In response to the survey results, the DNR will not open a 2013 state moose hunting season or consider opening future seasons unless the population recovers.
“The state’s moose population has been in decline for years but never at the precipitous rate documented this winter,” said Tom Landwehr, DNR commissioner. “This is further and definitive evidence the population is not healthy. It reaffirms the conservation community’s need to better understand why this iconic species of the north is disappearing from our state.”
Landwehr stressed the state’s limited hunts are not the cause of the population decline. “Yet taking this action is reasonable and responsible in light of latest data and an uncertain future,” he said
Based on the aerial survey conducted in January, the new population estimate is 2,760 animals, down from 4,230 in 2012. The population estimate was as high as 8,840 as recently as 2006.
“It’s now prudent to control every source of mortality we can as we seek to understand causes of population decline,’’ said Landwehr.
Starting in January, wildlife researchers began fitting 100 moose in northeastern Minnesota with GPS tracking and data collection collars. This multi-year research project will investigate the causes of adult moose mortality, calf mortality, calf survival, moose use of existing habitat and habitat quality.
To date, 92 collars have been placed on moose in the Grand Marais, Ely and Two Harbors areas.
An encore presentation of the high school one-act comedy We're Not Making This Play Up As We Go - Honest by Bradley Walton will be given Feb. 7 at 7 p.m. at the Arrowhead Center for the Arts.
The cast includes Cy Fortunato, Luke Fenwick, Mikala Schliep, Sam Kern, Sam Deschampe, Seleine Morowitz, Emily Terrill, Melanie Stoddard and Michaela Peterson. Stage manager is Julia Larsen; director is Sue Hennessy.
Admission price? Bring two useable items for the food shelf or $3.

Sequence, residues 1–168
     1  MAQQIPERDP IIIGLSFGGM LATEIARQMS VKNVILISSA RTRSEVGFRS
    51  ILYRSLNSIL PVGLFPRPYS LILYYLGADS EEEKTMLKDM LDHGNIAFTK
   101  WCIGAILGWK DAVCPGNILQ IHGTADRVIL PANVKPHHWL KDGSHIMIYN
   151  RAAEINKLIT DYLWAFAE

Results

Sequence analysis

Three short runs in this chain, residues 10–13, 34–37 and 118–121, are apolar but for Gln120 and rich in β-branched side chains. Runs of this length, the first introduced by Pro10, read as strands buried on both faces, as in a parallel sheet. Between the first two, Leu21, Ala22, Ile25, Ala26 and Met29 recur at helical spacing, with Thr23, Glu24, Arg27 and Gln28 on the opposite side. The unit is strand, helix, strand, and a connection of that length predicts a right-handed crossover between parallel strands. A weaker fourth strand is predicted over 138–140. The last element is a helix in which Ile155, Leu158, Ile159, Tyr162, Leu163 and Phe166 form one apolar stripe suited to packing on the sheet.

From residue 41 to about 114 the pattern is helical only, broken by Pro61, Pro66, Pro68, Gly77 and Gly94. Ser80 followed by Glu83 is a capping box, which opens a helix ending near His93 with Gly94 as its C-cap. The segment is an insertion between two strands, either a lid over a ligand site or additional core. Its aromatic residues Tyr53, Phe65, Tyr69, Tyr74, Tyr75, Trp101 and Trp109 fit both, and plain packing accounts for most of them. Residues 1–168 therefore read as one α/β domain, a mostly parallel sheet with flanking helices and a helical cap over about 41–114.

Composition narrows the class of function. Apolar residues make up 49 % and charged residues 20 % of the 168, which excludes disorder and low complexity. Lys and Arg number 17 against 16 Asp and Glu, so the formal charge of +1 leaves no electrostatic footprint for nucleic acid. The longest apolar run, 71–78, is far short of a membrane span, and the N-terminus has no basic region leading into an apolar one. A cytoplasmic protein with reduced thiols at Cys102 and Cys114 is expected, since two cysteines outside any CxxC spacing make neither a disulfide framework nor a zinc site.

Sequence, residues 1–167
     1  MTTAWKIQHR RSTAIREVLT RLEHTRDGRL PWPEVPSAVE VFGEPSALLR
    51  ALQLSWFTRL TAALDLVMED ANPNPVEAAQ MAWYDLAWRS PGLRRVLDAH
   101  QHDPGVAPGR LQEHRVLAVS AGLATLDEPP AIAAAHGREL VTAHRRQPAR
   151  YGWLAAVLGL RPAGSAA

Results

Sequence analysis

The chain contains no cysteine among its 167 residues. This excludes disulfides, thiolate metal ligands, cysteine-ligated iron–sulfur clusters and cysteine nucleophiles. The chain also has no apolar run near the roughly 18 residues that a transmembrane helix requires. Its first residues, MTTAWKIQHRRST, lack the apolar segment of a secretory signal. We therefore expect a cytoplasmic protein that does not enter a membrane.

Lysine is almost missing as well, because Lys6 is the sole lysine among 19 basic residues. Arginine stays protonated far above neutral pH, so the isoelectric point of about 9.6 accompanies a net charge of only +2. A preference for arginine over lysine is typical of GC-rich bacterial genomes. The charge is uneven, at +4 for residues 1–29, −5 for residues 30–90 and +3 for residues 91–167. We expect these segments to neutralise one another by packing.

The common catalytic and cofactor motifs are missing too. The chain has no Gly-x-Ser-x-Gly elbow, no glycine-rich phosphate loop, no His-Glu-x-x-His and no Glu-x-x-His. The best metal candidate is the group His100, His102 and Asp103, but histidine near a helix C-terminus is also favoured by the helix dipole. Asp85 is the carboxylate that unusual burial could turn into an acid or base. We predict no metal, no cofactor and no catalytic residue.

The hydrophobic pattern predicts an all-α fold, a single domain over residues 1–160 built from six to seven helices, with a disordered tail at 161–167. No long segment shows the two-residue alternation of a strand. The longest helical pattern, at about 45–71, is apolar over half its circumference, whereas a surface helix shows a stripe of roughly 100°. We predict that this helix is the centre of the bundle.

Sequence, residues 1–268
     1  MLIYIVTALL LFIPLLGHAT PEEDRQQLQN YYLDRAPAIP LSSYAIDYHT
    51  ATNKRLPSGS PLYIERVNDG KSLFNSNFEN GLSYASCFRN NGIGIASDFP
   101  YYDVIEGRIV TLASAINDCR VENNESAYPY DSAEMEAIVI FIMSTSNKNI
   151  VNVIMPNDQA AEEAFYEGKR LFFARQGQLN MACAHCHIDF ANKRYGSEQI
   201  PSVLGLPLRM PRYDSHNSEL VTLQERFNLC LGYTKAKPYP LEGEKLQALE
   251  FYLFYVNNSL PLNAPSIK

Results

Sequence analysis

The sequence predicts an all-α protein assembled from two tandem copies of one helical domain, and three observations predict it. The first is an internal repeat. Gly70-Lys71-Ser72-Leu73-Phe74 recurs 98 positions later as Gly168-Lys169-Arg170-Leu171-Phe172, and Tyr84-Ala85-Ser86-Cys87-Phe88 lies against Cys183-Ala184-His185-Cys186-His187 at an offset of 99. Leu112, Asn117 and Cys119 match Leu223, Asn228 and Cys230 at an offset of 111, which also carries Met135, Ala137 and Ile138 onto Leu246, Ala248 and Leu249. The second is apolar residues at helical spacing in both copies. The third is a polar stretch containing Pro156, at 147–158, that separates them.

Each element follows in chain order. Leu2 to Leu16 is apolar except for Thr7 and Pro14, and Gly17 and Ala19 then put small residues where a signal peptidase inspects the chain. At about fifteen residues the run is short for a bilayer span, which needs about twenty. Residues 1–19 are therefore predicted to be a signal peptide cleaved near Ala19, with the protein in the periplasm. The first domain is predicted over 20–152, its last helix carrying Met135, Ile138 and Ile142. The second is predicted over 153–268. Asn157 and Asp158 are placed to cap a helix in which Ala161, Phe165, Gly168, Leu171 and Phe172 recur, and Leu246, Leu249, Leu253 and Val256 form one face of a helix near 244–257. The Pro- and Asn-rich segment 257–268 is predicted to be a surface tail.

The local AARP tax aide volunteers have been training every Tuesday in January and February. They also attended a mandatory IRS “webinar” on Wednesday, January 23.
All of this training is necessary, explained Pam McDougall, one of the number crunchers at the webinar. “There are always a lot of changes—and we expect even more this year.”
At their Tuesday sessions, the volunteers review tax exercises, update tax prep computers and prepare for the 2012 tax law tests. It seems like a lot of hard work for volunteers, but another volunteer, Chuck Flickinger said, “We enjoy it. It is rewarding to help people through the process.”
The local AARP TaxAides will once again be helping members of the community with their federal and state income taxes, and property tax refunds—free of charge.
People are helped on a first-come first-serve basis. Once tax aides have gotten the information and tax documents, they can tell you when your tax return will be ready, so that you can leave and come back later if you wish.
A TaxAide will check your return for accuracy, after which you will receive a printed copy of your return, which will be e-filed to the government, with your refund arriving in one to four weeks depending upon your choice of direct deposit or mail.